### Abstract

Under certain conditions, the flow of a liquid around an obstacle, e.g. a hydrofoil, can cause an attached sheet of vapor, so-called sheet cavitation. The simulation of such an unsteady vapor sheet has been explored using an interface-capturing technique. For this technique the flow of a hypothetical mixture, part liquid, part vapor, is considered. In this flow the relation between density and pressure is specified through an equation of state, which has been chosen such that it gives an approximation of the actual physics of cavitation, i.e. that the density of the mixture equals the density of the liquid in non-cavitating flow regions, and the density of the vapor in cavitating flow regions. The major part of the flow field will be non-cavitating and have constant density. In this part of the flow field the artificial-compressibility technique is used to compute the flow. This technique is extended to allow the calculation of the flow in the vapor region. The computational method based on this mathematical model of cavitating flows can simulate the flow around two-dimensional airfoils. Results show that the method can reliably simulate incompressible, steady and unsteady flow and the initial growth phase of attached sheet cavitation.

Original language | English |
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Title of host publication | 28th Fluid Dynamics Conference 1997 |

Subtitle of host publication | 29 June 1997 - 02 July 1997, Snowmass Village, CO, U.S.A. |

Place of Publication | Reston, VA |

Publisher | Aerospace Research Central |

DOIs | |

Publication status | Published - 1997 |

Externally published | Yes |

Event | 28th Fluid Dynamics Conference 1997 - Snowmass Village, United States Duration: 29 Jun 1997 → 2 Jul 1997 Conference number: 28 |

### Publication series

Name | AIAA Meeting Paper |
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Publisher | Aerospace Research Central |

Number | 97-1936 |

ISSN (Print) | 0146-3705 |

### Conference

Conference | 28th Fluid Dynamics Conference 1997 |
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Country | United States |

City | Snowmass Village |

Period | 29/06/97 → 2/07/97 |

### Fingerprint

### Cite this

*28th Fluid Dynamics Conference 1997: 29 June 1997 - 02 July 1997, Snowmass Village, CO, U.S.A.*(AIAA Meeting Paper; No. 97-1936). Reston, VA: Aerospace Research Central. https://doi.org/10.2514/6.1997-1936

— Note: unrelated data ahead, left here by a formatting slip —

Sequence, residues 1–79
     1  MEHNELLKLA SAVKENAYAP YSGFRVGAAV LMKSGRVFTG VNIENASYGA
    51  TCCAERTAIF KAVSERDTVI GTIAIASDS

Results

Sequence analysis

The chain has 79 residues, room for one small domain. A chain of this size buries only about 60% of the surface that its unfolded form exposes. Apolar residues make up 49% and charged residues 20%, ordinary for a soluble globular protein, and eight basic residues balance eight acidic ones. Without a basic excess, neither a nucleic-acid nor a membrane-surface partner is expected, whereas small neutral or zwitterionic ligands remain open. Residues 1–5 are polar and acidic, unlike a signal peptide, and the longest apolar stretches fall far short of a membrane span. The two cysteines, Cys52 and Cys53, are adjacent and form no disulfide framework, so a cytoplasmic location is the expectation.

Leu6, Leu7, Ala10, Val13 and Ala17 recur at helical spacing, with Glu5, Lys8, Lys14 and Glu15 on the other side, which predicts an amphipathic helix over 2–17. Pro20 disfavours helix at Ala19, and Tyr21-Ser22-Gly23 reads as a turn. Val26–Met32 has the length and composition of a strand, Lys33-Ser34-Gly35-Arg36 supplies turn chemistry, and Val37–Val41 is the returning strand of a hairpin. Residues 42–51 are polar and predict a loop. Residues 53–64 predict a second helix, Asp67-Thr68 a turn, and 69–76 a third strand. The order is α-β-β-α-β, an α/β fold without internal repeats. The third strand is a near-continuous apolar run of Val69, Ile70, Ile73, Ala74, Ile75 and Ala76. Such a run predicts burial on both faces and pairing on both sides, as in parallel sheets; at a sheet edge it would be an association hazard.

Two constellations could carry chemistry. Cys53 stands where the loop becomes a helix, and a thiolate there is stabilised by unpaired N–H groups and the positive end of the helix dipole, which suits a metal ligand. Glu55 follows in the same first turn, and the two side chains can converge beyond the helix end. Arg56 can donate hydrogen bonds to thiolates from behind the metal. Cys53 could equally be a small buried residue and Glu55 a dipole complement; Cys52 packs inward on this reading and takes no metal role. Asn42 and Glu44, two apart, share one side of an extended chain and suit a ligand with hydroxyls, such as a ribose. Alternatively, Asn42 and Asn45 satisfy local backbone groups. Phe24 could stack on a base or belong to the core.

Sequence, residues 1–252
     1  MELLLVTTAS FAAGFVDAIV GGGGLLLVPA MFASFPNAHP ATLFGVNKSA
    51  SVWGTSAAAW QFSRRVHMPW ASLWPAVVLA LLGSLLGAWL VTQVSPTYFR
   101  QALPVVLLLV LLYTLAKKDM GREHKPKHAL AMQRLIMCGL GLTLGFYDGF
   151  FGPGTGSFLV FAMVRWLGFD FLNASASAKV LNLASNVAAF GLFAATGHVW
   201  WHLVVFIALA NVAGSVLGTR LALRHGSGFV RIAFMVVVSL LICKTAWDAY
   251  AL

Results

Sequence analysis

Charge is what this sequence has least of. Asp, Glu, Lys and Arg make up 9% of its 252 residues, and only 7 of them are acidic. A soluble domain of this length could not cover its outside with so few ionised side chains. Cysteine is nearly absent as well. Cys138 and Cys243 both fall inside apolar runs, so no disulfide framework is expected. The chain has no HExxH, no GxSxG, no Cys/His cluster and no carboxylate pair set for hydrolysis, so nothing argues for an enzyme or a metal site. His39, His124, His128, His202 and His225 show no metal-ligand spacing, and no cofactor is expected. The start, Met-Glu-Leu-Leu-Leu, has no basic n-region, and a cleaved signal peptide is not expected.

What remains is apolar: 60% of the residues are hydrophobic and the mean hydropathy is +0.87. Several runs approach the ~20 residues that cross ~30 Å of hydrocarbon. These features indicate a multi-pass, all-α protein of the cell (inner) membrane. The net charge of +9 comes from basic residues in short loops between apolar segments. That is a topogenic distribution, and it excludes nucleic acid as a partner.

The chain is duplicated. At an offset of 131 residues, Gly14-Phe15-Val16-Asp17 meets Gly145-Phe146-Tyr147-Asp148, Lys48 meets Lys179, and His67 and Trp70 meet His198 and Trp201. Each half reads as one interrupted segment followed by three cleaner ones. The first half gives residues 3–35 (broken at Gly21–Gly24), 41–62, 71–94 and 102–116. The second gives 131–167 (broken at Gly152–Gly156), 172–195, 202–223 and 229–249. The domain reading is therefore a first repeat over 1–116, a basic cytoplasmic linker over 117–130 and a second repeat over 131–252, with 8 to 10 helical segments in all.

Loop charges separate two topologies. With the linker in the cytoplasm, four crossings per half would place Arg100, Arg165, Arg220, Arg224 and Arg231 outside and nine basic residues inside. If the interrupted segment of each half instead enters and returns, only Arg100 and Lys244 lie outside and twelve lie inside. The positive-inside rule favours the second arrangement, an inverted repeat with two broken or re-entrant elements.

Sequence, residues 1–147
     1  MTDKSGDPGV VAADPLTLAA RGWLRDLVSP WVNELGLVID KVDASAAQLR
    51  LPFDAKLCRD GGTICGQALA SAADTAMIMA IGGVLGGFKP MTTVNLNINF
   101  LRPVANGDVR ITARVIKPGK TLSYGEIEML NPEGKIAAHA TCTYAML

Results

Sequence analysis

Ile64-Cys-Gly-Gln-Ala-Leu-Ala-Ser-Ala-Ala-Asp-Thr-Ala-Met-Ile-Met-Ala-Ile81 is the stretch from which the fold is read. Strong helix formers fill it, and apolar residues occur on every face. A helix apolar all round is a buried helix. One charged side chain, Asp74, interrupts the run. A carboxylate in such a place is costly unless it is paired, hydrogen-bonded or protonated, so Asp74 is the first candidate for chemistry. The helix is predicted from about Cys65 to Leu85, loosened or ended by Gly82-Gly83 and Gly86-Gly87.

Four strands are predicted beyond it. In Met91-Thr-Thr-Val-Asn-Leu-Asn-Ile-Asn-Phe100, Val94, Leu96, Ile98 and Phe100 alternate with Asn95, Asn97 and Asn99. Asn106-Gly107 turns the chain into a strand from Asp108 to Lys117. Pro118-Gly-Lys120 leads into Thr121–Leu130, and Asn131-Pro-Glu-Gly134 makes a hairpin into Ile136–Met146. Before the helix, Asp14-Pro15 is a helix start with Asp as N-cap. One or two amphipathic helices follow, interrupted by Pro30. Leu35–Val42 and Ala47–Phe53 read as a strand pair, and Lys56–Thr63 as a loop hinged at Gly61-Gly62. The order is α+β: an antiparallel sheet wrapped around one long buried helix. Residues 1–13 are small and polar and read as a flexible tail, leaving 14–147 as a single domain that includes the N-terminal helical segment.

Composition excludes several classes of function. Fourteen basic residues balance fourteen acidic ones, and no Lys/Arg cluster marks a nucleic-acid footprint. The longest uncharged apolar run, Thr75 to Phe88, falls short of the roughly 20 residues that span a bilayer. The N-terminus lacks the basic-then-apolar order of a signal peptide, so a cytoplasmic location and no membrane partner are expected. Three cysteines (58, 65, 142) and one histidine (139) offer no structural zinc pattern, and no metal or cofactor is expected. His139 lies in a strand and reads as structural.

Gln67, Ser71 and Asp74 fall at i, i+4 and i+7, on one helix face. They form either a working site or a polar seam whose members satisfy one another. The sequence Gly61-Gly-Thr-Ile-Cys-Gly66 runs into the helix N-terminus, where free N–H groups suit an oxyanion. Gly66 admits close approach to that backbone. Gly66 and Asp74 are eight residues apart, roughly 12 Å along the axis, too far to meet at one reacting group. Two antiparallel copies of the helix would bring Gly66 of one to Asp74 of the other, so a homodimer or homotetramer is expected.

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*28th Fluid Dynamics Conference 1997: 29 June 1997 - 02 July 1997, Snowmass Village, CO, U.S.A..*AIAA Meeting Paper, no. 97-1936, Aerospace Research Central, Reston, VA, 28th Fluid Dynamics Conference 1997, Snowmass Village, United States, 29/06/97. https://doi.org/10.2514/6.1997-1936

**Calculation of unsteady attached cavitation.** / Janssens, M.E.; Hulshoff, S.J.; Hoeijmakers, H.W.M.

Research output: Chapter in Book/Report/Conference proceeding › Conference contribution › Academic › peer-review

TY - GEN

T1 - Calculation of unsteady attached cavitation

AU - Janssens, M.E.

AU - Hulshoff, S.J.

AU - Hoeijmakers, H.W.M.

PY - 1997

Y1 - 1997

N2 - Under certain conditions, the flow of a liquid around an obstacle, e.g. a hydrofoil, can cause an attached sheet of vapor, so-called sheet cavitation. The simulation of such an unsteady vapor sheet has been explored using an interface-capturing technique. For this technique the flow of a hypothetical mixture, part liquid, part vapor, is considered. In this flow the relation between density and pressure is specified through an equation of state, which has been chosen such that it gives an approximation of the actual physics of cavitation, i.e. that the density of the mixture equals the density of the liquid in non-cavitating flow regions, and the density of the vapor in cavitating flow regions. The major part of the flow field will be non-cavitating and have constant density. In this part of the flow field the artificial-compressibility technique is used to compute the flow. This technique is extended to allow the calculation of the flow in the vapor region. The computational method based on this mathematical model of cavitating flows can simulate the flow around two-dimensional airfoils. Results show that the method can reliably simulate incompressible, steady and unsteady flow and the initial growth phase of attached sheet cavitation.

AB - Under certain conditions, the flow of a liquid around an obstacle, e.g. a hydrofoil, can cause an attached sheet of vapor, so-called sheet cavitation. The simulation of such an unsteady vapor sheet has been explored using an interface-capturing technique. For this technique the flow of a hypothetical mixture, part liquid, part vapor, is considered. In this flow the relation between density and pressure is specified through an equation of state, which has been chosen such that it gives an approximation of the actual physics of cavitation, i.e. that the density of the mixture equals the density of the liquid in non-cavitating flow regions, and the density of the vapor in cavitating flow regions. The major part of the flow field will be non-cavitating and have constant density. In this part of the flow field the artificial-compressibility technique is used to compute the flow. This technique is extended to allow the calculation of the flow in the vapor region. The computational method based on this mathematical model of cavitating flows can simulate the flow around two-dimensional airfoils. Results show that the method can reliably simulate incompressible, steady and unsteady flow and the initial growth phase of attached sheet cavitation.

UR - http://www.scopus.com/inward/record.url?scp=84964237545&partnerID=8YFLogxK

U2 - 10.2514/6.1997-1936

DO - 10.2514/6.1997-1936

M3 - Conference contribution

AN - SCOPUS:84964237545

T3 - AIAA Meeting Paper

BT - 28th Fluid Dynamics Conference 1997

PB - Aerospace Research Central

CY - Reston, VA

ER -